National

U.S. warship stayed on deadly collision course despite warning, container ship captain says

by Tim Kelly

Reuters

The U.S. warship struck by a container vessel off the Izu Peninsula failed to respond to warning signals or take evasive action before a collision that killed seven of its crew, according to a report of the incident by the Philippine cargo ship’s captain.

Multiple U.S. and Japanese investigations are underway into how the guided missile destroyer USS Fitzgerald and the much larger ACX Crystal container ship collided in clear weather south of Tokyo Bay in the early hours of June 17.

In the first detailed account from one of those directly involved, the cargo ship’s captain said the ACX Crystal had signaled with flashing lights after the Fitzgerald “suddenly” steamed on to a course to cross its path.

The container ship steered hard to starboard (right) to avoid the warship but hit the Fitzgerald 10 minutes later at 1:30 a.m., according to a copy of Capt. Ronald Advincula’s report to shipowner Dainichi Investment Corp. that was seen by Reuters.

The U.S. Navy declined to comment and Reuters was not able to independently verify the account.

The collision tore a gash below the Fitzgerald’s waterline, killing seven sailors in what was the greatest loss of life on a U.S. Navy vessel since the USS Cole was bombed in Yemen’s Aden harbor in 2000.

Those who died were in their berthing compartments, while the Fitzgerald’s commander was injured in his cabin, suggesting that no alarm warning of an imminent collision was sounded.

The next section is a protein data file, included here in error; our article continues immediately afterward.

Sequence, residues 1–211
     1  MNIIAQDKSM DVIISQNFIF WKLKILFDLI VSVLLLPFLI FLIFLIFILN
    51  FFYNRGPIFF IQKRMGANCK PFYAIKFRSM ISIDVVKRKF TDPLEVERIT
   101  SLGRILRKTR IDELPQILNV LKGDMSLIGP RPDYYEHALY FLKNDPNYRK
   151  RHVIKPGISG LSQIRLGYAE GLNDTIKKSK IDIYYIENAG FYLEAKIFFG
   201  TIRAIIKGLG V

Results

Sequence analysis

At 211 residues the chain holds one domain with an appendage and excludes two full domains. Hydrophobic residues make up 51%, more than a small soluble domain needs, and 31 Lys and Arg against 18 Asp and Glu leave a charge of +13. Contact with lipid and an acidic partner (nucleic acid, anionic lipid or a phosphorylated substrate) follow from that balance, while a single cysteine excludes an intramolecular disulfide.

A spokesman for the U.S. Navy’s 7th Fleet in Yokosuka, Kanagawa Prefecture, the Fitzgerald’s home port, said he was unable to comment on an ongoing investigation.

The incident has spurred six investigations, including two internal hearings by the U.S. Navy and a probe by the U.S. Coast Guard on behalf of the U.S. National Transportation Safety Board. The Japan Transport Safety Board, the Japan Coast Guard and the Philippines government are also conducting separate investigations.

Spokesmen from the Japan Coast Guard, U.S. Coast Guard and the ship’s owner, Dainichi Investment, also declined to comment. Reuters was not able to contact Advincula, who is no longer in Japan.

The investigations will examine witness testimony and electronic data to determine how a warship fitted with sophisticated radar could be struck by a vessel more than three times its size.

Another focus of the probes has been the length of time it took the ACX Crystal to report the collision. The Japan Coast Guard says it was first notified at 2:25 a.m., nearly an hour after the accident.

In his report, the ACX Crystal’s captain said there was “confusion” on his ship’s bridge, and that it turned around and returned to the collision site after continuing for 6 nautical miles (11 km).

Shipping data in Thomson Reuters Eikon shows that the ACX Crystal, chartered by Nippon Yusen K.K., made a complete U-turn between 12:58 a.m. and 2:46 a.m.

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